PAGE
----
If a lifter hits a true 10 on any of these lifts, we replace max effort work with rep work on the following week.  This will usually be around 80% of that max effort lift so that the weights are pretty accurate and done for 4-5 sets of 2-3 reps.  This was our “strength” day so to speak when we ran Sheiko stuff.  This gives the lifter a built in psychological break too.  80% tends to be a weight most lifters can hit for at least 5 reps, this drops the intensity as well.  This day is to maintain the strength qualities that are being developed.

 

A lot of studies do show burn out from higher intensity programs.  Granted these are not studies on motivated powerlifters, and usually with a ridiculous amount of intensity and frequency, but still something we need to take into consideration.  The lifters write RPEs for all sets in their sheets and this allows me to see how they are recovering.

 

I actually try to keep these intensities and volumes pretty stable so that I get a good gauge of their recovery abilities.  After the heavy singles on bench and squat we do backdowns.  I usually put 70% of the max effort lift for a 4×4.  I tend to keep this the same on max effort days so that I can compare RPEs.  If they are creeping up more than normal, I know I need to pull back a bit.

 

Some variations tend to be more difficult to recover from than others.  This is completely dependent upon the individual lifter too.  We run a variation for a 3 week wave.  I learned that most variations run their course in 4-6 weeks so I decided to change it before then so I can use it again in the near future to gauge progress.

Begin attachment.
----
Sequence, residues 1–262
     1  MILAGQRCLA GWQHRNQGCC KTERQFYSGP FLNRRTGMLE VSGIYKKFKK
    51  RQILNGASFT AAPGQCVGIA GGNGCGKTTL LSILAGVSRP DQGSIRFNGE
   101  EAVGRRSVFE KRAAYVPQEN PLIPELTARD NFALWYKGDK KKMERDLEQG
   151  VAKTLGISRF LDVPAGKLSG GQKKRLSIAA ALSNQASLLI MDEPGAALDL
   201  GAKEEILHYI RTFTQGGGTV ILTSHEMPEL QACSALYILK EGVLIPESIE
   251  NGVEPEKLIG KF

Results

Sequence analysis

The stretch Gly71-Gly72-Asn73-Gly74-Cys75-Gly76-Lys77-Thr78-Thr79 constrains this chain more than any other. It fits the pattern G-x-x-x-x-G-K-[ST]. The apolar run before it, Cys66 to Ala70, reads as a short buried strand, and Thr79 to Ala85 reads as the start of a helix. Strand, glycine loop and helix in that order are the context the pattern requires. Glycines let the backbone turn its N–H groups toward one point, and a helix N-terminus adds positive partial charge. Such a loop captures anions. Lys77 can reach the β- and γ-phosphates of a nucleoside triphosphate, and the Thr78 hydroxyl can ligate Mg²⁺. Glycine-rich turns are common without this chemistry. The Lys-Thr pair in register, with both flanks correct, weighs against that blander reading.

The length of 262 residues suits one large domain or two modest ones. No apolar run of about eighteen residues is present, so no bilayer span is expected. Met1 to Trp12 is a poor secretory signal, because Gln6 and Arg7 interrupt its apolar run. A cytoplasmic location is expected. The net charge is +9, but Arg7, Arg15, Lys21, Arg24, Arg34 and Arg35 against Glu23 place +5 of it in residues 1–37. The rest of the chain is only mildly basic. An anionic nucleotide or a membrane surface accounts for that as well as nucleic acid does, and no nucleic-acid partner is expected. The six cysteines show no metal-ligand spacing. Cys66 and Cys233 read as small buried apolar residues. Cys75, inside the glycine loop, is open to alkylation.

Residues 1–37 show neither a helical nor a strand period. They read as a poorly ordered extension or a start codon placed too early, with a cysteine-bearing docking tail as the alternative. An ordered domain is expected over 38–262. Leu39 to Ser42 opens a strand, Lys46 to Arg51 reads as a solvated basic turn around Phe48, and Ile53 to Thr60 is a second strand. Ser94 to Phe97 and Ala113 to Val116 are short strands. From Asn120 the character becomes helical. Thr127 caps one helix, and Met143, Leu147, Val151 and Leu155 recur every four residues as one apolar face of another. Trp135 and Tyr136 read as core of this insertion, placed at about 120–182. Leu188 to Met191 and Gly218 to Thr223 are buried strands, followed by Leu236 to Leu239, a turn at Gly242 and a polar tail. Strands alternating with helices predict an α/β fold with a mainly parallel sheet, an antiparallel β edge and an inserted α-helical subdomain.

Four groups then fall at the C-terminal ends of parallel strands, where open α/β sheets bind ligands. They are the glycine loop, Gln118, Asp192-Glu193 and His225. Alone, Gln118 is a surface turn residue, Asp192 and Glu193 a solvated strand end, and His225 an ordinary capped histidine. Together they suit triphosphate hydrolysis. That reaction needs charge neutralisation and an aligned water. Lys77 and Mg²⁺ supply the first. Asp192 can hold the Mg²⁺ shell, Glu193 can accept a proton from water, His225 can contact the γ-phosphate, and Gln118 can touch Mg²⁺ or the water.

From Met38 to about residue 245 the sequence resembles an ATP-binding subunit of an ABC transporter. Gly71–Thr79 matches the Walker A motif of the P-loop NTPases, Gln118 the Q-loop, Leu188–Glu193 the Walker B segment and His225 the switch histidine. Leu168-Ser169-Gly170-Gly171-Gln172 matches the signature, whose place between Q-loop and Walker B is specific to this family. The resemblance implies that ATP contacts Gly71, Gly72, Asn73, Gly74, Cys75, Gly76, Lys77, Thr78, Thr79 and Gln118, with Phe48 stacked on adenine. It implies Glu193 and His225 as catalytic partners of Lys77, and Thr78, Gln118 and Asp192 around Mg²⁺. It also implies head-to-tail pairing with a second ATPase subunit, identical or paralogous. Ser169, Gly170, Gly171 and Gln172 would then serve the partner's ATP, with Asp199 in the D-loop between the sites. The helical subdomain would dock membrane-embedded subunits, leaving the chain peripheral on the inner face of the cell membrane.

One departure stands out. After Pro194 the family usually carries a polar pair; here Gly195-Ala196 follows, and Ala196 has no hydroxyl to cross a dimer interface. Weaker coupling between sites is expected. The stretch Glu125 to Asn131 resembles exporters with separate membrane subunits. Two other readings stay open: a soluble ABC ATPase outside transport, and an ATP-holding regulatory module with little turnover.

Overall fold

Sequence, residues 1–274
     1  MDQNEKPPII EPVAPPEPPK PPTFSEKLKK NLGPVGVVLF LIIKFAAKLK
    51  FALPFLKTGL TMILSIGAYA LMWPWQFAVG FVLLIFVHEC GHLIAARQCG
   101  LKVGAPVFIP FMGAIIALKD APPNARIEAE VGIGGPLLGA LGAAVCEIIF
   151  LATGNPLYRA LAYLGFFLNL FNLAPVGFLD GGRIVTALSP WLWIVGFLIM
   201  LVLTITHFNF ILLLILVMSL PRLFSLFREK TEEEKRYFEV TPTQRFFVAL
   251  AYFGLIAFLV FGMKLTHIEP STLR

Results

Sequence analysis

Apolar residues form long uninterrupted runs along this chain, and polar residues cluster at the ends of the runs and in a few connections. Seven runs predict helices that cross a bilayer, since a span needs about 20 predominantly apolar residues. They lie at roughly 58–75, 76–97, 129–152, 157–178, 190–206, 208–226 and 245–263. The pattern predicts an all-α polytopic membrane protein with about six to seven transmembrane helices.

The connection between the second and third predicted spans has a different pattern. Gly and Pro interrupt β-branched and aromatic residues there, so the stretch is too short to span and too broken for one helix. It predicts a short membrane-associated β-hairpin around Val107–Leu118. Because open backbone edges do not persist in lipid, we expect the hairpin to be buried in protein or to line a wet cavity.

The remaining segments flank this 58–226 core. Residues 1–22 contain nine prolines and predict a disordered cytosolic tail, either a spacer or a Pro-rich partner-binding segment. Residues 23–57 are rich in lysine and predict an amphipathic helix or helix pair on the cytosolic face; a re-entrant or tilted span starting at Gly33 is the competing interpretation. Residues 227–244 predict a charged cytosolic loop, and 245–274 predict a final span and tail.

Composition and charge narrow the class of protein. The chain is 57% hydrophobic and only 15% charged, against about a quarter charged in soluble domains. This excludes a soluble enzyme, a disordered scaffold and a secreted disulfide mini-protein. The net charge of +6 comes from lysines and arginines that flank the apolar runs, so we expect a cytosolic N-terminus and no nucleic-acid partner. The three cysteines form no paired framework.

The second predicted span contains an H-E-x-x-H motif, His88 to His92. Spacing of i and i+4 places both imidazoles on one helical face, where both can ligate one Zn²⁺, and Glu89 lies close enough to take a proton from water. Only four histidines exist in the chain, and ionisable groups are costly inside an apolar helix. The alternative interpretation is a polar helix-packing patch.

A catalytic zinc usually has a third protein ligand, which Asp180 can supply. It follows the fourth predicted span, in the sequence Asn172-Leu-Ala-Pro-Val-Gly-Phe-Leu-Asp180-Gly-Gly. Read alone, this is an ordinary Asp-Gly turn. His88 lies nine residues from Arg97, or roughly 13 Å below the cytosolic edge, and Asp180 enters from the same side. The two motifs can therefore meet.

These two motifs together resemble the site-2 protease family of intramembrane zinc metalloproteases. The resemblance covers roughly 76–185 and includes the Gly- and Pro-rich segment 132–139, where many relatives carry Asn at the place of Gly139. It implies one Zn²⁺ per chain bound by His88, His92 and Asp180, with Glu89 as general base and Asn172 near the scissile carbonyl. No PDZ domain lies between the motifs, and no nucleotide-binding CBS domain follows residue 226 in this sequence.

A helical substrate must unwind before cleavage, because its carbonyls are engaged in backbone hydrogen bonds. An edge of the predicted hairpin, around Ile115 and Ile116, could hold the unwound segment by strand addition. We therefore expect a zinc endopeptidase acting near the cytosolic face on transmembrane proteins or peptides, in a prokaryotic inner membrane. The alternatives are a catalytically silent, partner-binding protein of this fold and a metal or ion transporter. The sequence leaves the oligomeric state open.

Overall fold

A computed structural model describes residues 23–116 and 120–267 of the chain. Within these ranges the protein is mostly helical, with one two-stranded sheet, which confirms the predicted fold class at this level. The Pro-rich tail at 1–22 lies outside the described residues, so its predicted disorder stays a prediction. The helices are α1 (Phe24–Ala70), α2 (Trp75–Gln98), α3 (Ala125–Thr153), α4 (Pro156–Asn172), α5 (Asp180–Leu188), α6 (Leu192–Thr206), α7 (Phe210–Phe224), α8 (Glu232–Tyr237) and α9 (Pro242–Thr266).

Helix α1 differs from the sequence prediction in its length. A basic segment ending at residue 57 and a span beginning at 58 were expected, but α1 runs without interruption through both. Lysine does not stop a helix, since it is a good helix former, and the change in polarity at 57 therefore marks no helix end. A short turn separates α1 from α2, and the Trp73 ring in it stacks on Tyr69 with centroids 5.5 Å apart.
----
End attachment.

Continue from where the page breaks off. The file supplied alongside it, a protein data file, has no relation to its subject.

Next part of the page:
These variations are ones that will punish technical inefficiencies.  If a lifter is pitching forward, we may use a wider stance with a high bar position.  I require all my lifters to train in flats and 4-6 weeks out from a meet they are allowed to put the heels back on if they want.

 

That position will punish pitching forward, but also the flats and the wide stance targets the hips more.  I will use that latter argument at times, but it is more to get buy in than me actually believing it.  I just have a hard time believing that if a lifter’s knees cave in that their glute medius is weak.  The glute medius is small and has a ton of leverage with its position on the hip.  I just don’t think individual muscles like that can be weak.  I think this is more of a skill problem.

 

This does not mean that these muscles cannot be targeted to become stronger.  Certain angles are more technically efficient and put more emphasis on certain muscle groups.  I know this sounds contradictory but being strong at certain angles is a skill.  More often than not, a few months of targeting these angles and the lifter is hitting PRs from them.

 

Is this really due to individual muscles getting stronger, or is the lifter’s skill just improving?  Again, is the body 650 muscles or 1 muscle?